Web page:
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Cheese during aging giving off gases


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#1 Weebus90

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Posted 03 March 2015 - 09:23 PM

Hi Everyone, 

I'm looking for anyone knowledgeable in cheese!

We currently have an entire cooler for storing cheese. 

Recently there have been complaints that during time in the cooler maybe 15-20 minutes, the employees eyes and throat become irritated. 

 

I ran air quality tests for SPC, Yeast and Mold and everything was under 5cfu's. 

 

I recently discovered that the cheese during aging can start giving off gasses. 

Does anyone know if these gases could be causing the issues?

 

The cooler is used to store many varieties of cheese, some in primary and secondary boxes, but some only 1 the primary container. 

 

Please Help!

 

Thanks

Weebus!



#2 trubertq

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Posted 04 March 2015 - 09:05 AM

Could it be the chilling gases perhaps? I'd certainly get that checked out for leaks


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#3 Weebus90

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Posted 04 March 2015 - 12:27 PM

What exactly do you mean by the chilling gases?



#4 trubertq

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Posted 04 March 2015 - 12:35 PM

I suppose it depends on the system you are using but some chilling systems use gas under pressure ( used to be CFCs, remember?) perhaps there is a leak and the gas is leaking into the chill room? I know that some systems use ammonia which would be unpleasant.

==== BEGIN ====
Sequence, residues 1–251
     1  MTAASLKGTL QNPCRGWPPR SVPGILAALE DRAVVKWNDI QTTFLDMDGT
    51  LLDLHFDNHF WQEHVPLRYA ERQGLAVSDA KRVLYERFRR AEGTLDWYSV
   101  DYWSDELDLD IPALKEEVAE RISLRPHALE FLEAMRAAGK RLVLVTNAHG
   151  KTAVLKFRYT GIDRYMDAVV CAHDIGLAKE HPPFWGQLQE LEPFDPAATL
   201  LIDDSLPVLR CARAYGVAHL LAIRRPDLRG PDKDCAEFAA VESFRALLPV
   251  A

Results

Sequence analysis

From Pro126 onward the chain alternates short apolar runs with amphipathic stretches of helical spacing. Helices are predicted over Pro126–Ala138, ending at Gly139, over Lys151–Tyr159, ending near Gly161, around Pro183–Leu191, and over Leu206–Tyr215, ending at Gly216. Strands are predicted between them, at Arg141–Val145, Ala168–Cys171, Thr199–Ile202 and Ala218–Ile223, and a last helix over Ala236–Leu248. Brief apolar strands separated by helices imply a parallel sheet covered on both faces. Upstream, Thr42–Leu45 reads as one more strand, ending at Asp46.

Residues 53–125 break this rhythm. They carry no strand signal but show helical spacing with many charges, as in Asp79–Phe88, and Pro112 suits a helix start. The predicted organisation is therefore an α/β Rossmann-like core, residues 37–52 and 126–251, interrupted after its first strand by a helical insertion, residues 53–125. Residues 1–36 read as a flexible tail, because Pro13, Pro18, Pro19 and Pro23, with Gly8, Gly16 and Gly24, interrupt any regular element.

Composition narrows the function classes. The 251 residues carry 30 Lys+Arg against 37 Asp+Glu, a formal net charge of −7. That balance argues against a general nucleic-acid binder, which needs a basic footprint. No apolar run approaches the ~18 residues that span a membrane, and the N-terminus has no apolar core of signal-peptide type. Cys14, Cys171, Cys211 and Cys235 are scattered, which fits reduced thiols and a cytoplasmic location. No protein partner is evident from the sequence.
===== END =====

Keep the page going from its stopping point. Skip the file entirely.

Ask your engineers, they should know.


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#5 gfdoucette07

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Posted 04 March 2015 - 03:07 PM

Lots of coolers and other refrigeration containers used Freon (in a closed system such as your household fridge) or Ammonia (in an open system where its pumped to a compressor and back to the vessel such as silos, vats).  These gases are very noticeable at like 10-50ppm but the osha limit may be 200ppm hence your maint depart may be your best asset.   

 

Also note if this is a continuous issue or if its worse certain times or days.

 

The gas generated by aging cheese by have an odor but it should not cause the symptoms you suggest. My gut goes to gas from refrigeration or maybe another leak going into the central air handling system somewhere else and showing up here.

 

A oxygen meter like you would used for confined space entry.

 

keep checking and asking around

 

G



#6 Charles.C

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Posted 04 March 2015 - 03:27 PM

Dear weebus,

 

Lot of relevant queries already. Can add a few from my non-cheese bitter experiences.

 

odour in room normal ??

 

temperature = approx. ?

 

start of complaints correlatable to anything unusual, eg repairs, new product (open)?  R&D samples added ?

 

The freon (whatever) may be a good one to check first. i'm unsure if any of the alternatives have such side-effects in enclosed spaces.

 

Animals / Rodents ? (from sad experience) - is the room readily inspectable for nooks, crannies and ???

 

Rgds / Charles.C


Kind Regards,

 

Charles.C


#7 Scampi

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Posted 06 March 2015 - 02:17 PM

I used to work for a cheese company. That sounds like an ammonia leak to me. We had a large one while I was employed there and everyone had to be evacuated. Low level leak will irritate throats and eyes.  Also, some of the cheese had to be destroyed due to the percentage of ammonia in the air, it was able to penetrate the packaging film.

 

Can you let us know what came of this?


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